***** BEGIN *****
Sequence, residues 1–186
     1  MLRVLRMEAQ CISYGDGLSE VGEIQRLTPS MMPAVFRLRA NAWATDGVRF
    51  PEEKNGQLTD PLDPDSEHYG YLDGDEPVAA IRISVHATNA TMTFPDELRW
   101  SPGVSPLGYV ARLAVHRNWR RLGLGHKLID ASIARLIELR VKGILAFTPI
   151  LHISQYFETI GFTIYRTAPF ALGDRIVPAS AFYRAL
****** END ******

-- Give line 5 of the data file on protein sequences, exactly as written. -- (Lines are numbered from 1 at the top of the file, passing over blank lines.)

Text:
   151  LHISQYFETI GFTIYRTAPF ALGDRIVPAS AFYRAL